Wednesday, June 12, 2024

Moswaane offers theory of how Botswana loses billions in IFFs

In a rare show of bipartisan unity, ruling party and opposition MPs were able to agree that a certain group of foreign businessmen, some of them “untouchable”, are the major cause for Botswana’s illicit financial flows (IFFs). A detail that was later provided by a Botswana Patriotic Front MP, Baratiwa Mathoothe, narrows down the suspect list to businessmen from a particular country. Francistown West MP, Ignatius Moswaane, said that from his personal experience in the customs clearing business, he knows that there is a certain group of businessmen who would declared P50 million worth of imported goods when the actual value is P500 million.

These businessmen (“some of them are untouchable”) typically don’t keep their money at the bank and don’t provide customers with the option of paying by bank card. The latter requires a debit/credit card swiping machine. “Banna bao ga ba swipee,” said Moswaane meaning that “those [business] men don’t use swiping machines.” He also alleged that these businessmen typically export and import Botswana currency through unofficial channels and suggested that if the Botswana Unified Revenue Services (BURS) was to plug the leaks in its tax collection system, it would make an additional P40 billion from them.

In fully agreeing with what his fellow Opposition Bench colleague had said, Mathoothe gave Oriental Plaza in Gaborone as an example of a cash-only shopping complex. In making an implicit suggestion about the huge profits that the traders are making from untaxed business, the Serowe South MP said that they drive very expensive cars, which cost “well over P1 million.” All traders at Oriental Plaza are Chinese. While he didn’t share any compromising detail, Takatokwane MP, Tshoganetso Leuwe, also expressed concern about the cash-heavy, receipt-free retail business that Moswaane had referred to. Not using swiping machines and not issuing receipts means that BURS has no way to determine sales value from which it can extract a certain percentage as tax. The Minister of Minerals and Energy, Lefhoko Moagi, proposed that airport-type scanners should be used at all ports of entry to detect the fraud that Moswaane had described.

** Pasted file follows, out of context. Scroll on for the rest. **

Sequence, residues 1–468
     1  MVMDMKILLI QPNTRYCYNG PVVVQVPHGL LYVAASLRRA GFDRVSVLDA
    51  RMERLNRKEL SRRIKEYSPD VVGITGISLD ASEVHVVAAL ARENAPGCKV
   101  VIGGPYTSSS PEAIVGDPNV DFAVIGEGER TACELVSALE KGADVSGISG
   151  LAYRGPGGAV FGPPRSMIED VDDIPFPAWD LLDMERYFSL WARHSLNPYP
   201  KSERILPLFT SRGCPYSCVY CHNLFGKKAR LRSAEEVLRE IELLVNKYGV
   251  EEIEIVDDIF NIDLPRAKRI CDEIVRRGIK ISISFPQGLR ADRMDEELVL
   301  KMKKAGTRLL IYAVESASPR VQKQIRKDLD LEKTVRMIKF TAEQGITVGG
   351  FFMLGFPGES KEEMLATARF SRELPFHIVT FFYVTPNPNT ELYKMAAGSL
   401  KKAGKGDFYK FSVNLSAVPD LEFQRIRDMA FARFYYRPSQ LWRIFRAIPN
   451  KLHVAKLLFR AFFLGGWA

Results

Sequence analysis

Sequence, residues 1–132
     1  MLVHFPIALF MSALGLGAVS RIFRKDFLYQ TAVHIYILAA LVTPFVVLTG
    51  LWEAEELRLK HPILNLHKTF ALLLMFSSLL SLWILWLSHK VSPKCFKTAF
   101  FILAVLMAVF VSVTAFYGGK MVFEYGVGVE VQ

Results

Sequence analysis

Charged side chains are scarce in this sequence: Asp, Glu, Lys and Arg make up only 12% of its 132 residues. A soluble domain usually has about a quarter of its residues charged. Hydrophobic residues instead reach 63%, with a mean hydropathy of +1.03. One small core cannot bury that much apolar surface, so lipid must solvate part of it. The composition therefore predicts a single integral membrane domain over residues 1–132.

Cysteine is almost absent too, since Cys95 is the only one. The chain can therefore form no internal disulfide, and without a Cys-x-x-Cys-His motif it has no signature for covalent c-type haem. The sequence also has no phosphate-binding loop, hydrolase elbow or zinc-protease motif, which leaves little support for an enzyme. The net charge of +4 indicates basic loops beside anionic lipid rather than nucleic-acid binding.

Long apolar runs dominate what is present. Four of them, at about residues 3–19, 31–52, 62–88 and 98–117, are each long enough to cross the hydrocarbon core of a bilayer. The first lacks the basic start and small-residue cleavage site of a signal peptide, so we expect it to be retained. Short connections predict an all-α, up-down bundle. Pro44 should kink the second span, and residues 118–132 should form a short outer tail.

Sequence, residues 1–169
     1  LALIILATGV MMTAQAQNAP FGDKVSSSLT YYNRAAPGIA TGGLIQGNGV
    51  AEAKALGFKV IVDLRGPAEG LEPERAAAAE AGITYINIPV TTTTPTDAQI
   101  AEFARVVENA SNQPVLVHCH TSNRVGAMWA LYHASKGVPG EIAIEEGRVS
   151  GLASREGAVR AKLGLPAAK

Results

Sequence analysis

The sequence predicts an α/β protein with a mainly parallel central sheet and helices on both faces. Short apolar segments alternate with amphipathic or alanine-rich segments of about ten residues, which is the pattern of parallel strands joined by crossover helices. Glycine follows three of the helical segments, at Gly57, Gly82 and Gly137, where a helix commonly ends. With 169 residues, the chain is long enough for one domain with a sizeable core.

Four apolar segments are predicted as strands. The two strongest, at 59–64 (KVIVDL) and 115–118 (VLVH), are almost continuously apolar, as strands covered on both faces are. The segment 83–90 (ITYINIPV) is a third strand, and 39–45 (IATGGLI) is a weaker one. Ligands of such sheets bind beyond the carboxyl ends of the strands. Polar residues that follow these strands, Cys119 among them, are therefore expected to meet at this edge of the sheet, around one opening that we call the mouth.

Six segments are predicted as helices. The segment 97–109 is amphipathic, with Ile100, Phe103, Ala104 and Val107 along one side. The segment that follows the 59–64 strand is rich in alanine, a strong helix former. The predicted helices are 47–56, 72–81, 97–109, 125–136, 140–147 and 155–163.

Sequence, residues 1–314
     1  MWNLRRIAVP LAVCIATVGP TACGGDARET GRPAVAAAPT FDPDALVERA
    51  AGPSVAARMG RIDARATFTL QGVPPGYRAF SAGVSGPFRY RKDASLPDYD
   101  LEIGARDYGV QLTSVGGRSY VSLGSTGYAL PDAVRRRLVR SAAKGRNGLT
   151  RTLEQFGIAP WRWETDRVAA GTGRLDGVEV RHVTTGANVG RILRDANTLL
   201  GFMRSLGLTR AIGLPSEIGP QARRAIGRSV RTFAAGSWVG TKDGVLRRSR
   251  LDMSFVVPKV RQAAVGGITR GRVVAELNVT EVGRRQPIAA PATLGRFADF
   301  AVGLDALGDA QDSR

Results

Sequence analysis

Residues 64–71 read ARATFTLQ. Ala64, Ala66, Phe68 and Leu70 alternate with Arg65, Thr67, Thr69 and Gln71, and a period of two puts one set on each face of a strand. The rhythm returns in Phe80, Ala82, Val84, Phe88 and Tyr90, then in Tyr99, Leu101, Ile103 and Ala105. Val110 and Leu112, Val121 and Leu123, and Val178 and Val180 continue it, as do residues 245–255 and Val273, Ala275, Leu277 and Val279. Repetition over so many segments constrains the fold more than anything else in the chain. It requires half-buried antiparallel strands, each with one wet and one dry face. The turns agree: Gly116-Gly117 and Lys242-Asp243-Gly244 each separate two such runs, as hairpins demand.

A recent report from the African Development Bank identifies Botswana among countries that have been worst affected by IFFs. “Despite the success story of Botswana’s economy, trade mis-invoicing outflows are prevalent, with over US$ 12.3 billion cumulatively recorded in 2003 and 2013,” says the report, which defines trade mis-invoicing as the practice of knowingly submitting an invoice that misrepresents the value of goods being imported or exported. “The driving factors for illicit financial flows in Botswana include weak enforcement institutions, corruption and existence of tax havens.”

Trade mis-invoicing has also been alleged in Mogoditshane and the culprits have been identified as some mostly foreign, used-car dealers. By the sleight of hand that Moswaane alleged as well as one occurring in Mogoditshane and in many more places and sectors, Botswana is losing billions of pula. Southern Africa is itself the epicentre of IFFs. “IFFs are highly concentrated in some countries, the top-ten countries and account for 73.4 percent of total IFFs in Africa from 1980 to 2018. Four Southern African countries, namely South Africa, Angola, Botswana, and Zambia accounted for 40.7 percent,” the Bank says.

What puts Botswana at greater risk is its overreliance on diamonds. The report says that the extractive sector is particularly prone to IFFs. “Extractive sectors fall under high-level discretionary political control, such as a president or executive committee, and are often prone to secrecy. State companies in these sectors often use the public function to promote their personal interests. There are also limited competition in extractive sectors, leading to fewer corporate checks and balances. Moreover, extractive sectors often require high degrees of technical expertise which facilitate the falsification of reports.”

RELATED STORIES

Read this week's paper